So, you’ve taken the first step in your family law matter, whether it be a divorce or paternity, or a post-divorce or post-paternity modification or contempt action, and you’ve decided to contact a lawyer and scheduled an appointment for an initial consultation. One of the first things that any law firm will ask you is your full name and the full name of your spouse/partner. A lawyer must quickly determine (hopefully prior to receiving any other information from you) whether he/she has a “conflict of interest” in representing or speaking with you about a matter. A conflict of interest exists if the lawyer or this law firm has been adverse to you in another prior legal action or if the lawyer has represented or spoken with your spouse/partner in a matter involving you.
An experienced family lawyer can be very helpful and informative in that first consult appointment IF you are prepared. Whether the consult appointment is billed at a flat fee or on an hourly basis, it is important that you enable the attorney to provide you with as much information as possible in that first appointment.
IMPORTANT! By the time you decide to contact a lawyer, your life may be very chaotic and an emotional roller coaster. Your home may even be a dangerous place, depending on the level of anger, violence and turmoil between you and your spouse/partner. If that is the case, your primary goal should be to either remove yourself (and your children) from the situation or to obtain a Protective Order removing your spouse or partner from the home. You may wish to file for a Protective Order either prior to or at the same time as filing your new family law matter, depending on the level of violence, threats, harassment or stalking behavior which is occurring in your home and life. In several counties in Indiana, a victim advocacy program or the county clerk’s office may help you in the preparation and filing of the Protective Order paperwork rather than your lawyer. Whether you are a man or woman, rich or poor, young or old-your life and safety are much more important than gathering up some documents or being prepared to meet with a lawyer. Keep your and your children’s lives and safety as your top priority! At your initial consultation appointment with your lawyer, you should make your lawyer aware of any violence, threats, or stalking which may be occurring so that your lawyer can work with you and other agencies or law enforcement to ensure that the filing of your action and obtaining service on your spouse/partner is accomplished as safely as possible. Domestic violence is real and can be deadly.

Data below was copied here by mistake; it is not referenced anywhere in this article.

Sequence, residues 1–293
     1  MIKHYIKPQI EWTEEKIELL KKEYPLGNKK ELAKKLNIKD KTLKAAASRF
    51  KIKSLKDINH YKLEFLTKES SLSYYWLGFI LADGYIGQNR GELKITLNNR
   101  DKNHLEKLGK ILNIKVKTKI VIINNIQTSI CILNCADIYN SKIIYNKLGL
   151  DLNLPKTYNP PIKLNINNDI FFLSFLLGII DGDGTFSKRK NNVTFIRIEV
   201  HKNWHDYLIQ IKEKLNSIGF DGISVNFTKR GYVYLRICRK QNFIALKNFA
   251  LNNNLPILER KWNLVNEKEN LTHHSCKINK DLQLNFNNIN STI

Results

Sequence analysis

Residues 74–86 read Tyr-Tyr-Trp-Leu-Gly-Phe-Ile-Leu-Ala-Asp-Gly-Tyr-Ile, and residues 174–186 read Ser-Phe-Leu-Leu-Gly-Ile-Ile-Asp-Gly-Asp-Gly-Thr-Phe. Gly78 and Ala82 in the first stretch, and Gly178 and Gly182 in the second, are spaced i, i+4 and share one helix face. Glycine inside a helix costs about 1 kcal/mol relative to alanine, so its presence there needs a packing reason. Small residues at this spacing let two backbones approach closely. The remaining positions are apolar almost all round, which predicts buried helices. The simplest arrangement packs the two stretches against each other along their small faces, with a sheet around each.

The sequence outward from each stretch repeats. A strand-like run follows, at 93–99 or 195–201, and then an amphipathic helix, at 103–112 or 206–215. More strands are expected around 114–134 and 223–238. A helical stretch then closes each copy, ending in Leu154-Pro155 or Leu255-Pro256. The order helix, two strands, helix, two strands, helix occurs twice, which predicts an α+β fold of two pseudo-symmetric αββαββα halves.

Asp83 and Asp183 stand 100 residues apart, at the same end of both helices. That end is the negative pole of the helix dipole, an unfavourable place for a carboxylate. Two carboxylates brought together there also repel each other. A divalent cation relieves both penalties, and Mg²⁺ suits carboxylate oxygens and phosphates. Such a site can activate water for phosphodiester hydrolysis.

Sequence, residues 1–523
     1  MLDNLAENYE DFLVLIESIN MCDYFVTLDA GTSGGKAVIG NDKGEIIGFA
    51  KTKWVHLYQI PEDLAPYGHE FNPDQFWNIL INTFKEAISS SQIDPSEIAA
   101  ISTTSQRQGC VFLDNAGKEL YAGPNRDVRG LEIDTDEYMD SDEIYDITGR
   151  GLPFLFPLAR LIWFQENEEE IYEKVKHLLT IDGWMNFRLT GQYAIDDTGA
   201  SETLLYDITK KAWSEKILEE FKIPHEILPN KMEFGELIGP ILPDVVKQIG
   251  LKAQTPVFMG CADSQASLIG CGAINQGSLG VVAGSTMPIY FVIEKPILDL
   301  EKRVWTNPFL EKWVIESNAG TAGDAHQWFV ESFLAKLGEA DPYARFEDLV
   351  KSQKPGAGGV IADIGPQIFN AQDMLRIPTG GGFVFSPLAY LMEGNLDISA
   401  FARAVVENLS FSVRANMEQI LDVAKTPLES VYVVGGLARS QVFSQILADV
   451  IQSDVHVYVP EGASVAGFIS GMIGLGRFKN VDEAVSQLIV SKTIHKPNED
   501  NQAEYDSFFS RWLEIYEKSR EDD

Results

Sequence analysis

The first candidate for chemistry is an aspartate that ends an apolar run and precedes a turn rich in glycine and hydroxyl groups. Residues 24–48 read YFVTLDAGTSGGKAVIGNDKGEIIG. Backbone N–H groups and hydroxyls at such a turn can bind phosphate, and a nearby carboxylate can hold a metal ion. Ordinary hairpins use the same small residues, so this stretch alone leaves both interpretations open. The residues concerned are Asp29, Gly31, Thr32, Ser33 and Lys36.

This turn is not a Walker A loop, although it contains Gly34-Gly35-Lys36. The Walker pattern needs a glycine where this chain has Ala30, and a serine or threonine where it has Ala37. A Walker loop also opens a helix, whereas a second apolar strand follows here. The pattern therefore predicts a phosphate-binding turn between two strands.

If you have access to documents which may be stored in the home or in a safety deposit box or other place of safe keeping, any of the following documents would be very helpful for you to gather or copy and bring with you to your initial consultation appointment with your lawyer:
- 3 years of Federal and State income tax returns, including W-2s and 1099s and all schedules and attachments. Be sure that social security numbers are included for you and your spouse as well as the child(ren).
- Last 3 paycheck stubs for all sources of your employment as well as your spouse’s.
- Deed, Mortgage or any other documents related to any real property or residence(s) owned either individually or jointly.
- Vehicle information (whether titled jointly or individually), including:
- The name(s) on the title of the vehicle
- Any special features
- Information (the same as listed above) on any other vehicles (whether titled jointly or individually), including any recreational vehicles, motorized bikes, go-carts, ATVs, trailers, or campers. It would also be helpful for you to provide a Kelley Blue Book value for each of your vehicles. This may be obtained on the Internet at kbb.com and get the “private party sale” value for each of your vehicles. If you do not have access to a computer, please provide the year, make, model, mileage, options, etc. for each vehicle.
- Information on all personal property, including household goods and furnishing, jewelry, antiques, collectibles, sports memorabilia, coin collections, or any other valued assets. You do not have to provide an exhaustive list. Just give your attorney a general idea of any special collections, antiques or other furnishings which may need to be specially valued.
- Copies of any recent appraisals of the personal property, vehicle or residences or land owned by you and/or your spouse or partner.
- Statements (showing the last several months of activity), for all accounts, including:
- Checking, Savings, Money Market, Certificates of Deposit accounts
- Investment accounts
- Retirement accounts (IRAs, 401(k)s, Annuities, etc)
- Credit card monthly statements
- Mortgage, home equity statements
- Car lien/lease statements
- Personal loan statements
- Life insurance policies, face sheets or documents showing loans, cash and face value.
- Business information, including:
- Certificate of Incorporation or biennial reports
- 5 years of tax returns
- general ledgers
- balance sheets
- list of assets